Here's the issue as I see it: Taking an open book/notes exam, someone who's unprepared stands a good chance of wasting a load of time looking for some information they want. Someone who's done an obsessively good job preparing should do well in either case.

The big question for me comes with those in the middle; someone who's fairly well prepared can mess themselves up by looking for some piece of information rather than paraphrasing and moving on. Or they can find the information quickly enough and look way smart.

My students always choose to have open books and open notes, though I do warn them about the searching and time issue things. And every semester, I inevitably see some student with my kind of indexing and such, who really wouldn't need the text or notes. It's the students in between I worry more about.

So, what do you folks see as the upsides or downsides to open book/note essay exams?


  1. We don't set exams for our English courses, assessing two essays instead. While I personally prefer this approach, since it allows students to conduct detailed research and produce (well, ideally) essays with some depth and allows for revision.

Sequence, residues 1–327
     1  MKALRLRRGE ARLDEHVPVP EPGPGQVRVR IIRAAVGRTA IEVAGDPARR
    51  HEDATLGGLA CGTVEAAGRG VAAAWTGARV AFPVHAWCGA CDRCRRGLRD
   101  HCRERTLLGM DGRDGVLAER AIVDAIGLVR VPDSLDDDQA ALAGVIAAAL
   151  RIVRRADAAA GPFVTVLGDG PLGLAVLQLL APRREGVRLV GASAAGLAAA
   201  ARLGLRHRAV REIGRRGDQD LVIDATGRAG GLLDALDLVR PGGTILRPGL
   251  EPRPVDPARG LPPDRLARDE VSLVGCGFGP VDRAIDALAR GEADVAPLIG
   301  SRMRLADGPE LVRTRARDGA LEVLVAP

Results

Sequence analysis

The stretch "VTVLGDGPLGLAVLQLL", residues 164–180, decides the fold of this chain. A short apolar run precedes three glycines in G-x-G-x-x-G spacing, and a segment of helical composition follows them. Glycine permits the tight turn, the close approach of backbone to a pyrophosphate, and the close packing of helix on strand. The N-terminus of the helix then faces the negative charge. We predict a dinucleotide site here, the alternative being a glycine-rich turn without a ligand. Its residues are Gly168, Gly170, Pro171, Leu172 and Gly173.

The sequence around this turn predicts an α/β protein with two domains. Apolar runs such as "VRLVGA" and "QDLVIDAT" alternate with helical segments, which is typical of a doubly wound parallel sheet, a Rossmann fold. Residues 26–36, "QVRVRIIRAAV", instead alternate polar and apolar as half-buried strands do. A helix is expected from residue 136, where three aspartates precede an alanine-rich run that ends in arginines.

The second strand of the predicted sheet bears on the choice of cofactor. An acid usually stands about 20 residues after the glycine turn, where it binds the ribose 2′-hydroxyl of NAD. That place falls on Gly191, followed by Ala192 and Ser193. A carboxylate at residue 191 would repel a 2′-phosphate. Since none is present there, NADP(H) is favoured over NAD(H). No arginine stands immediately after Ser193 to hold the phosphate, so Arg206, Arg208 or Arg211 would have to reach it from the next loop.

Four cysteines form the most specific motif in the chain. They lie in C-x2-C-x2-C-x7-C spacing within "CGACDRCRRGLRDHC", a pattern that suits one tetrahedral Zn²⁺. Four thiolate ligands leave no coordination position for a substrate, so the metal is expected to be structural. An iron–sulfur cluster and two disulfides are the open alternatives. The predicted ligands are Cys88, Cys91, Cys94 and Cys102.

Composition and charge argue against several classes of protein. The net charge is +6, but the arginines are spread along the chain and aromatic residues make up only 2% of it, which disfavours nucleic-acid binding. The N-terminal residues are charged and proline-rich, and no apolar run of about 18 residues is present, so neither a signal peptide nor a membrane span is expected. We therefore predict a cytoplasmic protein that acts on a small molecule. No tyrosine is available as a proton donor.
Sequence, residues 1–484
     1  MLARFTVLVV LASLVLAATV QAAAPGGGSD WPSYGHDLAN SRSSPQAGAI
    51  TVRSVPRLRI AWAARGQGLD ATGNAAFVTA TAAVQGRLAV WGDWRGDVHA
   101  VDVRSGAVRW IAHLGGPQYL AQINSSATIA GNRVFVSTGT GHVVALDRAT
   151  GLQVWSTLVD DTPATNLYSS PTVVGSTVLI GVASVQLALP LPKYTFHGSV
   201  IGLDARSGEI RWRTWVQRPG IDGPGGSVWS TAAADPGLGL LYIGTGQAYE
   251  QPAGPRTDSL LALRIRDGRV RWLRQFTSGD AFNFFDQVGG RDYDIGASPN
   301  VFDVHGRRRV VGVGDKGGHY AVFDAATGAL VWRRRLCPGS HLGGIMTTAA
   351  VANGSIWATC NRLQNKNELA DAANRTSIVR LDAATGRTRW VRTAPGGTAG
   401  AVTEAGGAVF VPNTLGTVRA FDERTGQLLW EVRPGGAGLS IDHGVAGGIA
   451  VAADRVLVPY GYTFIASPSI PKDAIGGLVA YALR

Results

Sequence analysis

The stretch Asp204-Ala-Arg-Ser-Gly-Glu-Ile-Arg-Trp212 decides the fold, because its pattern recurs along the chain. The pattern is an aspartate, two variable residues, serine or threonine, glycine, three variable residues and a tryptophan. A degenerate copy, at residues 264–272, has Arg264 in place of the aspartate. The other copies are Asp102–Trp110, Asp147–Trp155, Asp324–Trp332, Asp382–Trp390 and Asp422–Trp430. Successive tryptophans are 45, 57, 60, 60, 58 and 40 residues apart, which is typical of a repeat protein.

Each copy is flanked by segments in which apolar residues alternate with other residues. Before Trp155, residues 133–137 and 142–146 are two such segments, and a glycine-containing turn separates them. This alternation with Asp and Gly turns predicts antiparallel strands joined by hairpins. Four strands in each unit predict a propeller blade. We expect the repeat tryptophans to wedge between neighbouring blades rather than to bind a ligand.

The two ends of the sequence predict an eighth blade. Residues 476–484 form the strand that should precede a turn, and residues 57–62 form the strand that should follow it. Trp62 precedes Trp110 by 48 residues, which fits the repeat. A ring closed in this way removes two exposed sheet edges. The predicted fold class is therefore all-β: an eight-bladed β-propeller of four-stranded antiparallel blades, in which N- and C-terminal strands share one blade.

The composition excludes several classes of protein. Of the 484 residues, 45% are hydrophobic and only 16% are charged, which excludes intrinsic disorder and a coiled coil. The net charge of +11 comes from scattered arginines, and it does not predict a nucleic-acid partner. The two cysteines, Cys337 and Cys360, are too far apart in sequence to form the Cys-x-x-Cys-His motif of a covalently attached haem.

On the other hand, an examination (especially closed-book) would lower instances of plagiarism. I am so sick of trawling through Wikipedia entries...

  2. I always have the essay portion of my exams open-book/open-note, and I also give them a list ahead of time of questions (usually like 7) from which I choose the exam questions (2 or 3). I think that doing it this way, students do prepare more, and I also think that it eliminates the potential complaining about the essays being impossible to prepare for. Ultimately, I don't think that open-book/open-note makes a difference in the grade - but I do think that it makes students feel more at ease. In my intro to lit class this semester I noticed that most of them didn't even bring their books with them, though they did have outlines and notes that they got out when it came time to answer the questions. The fact that they'd considered what they would write ahead of time made my experience reading the essays much better, I'm sure.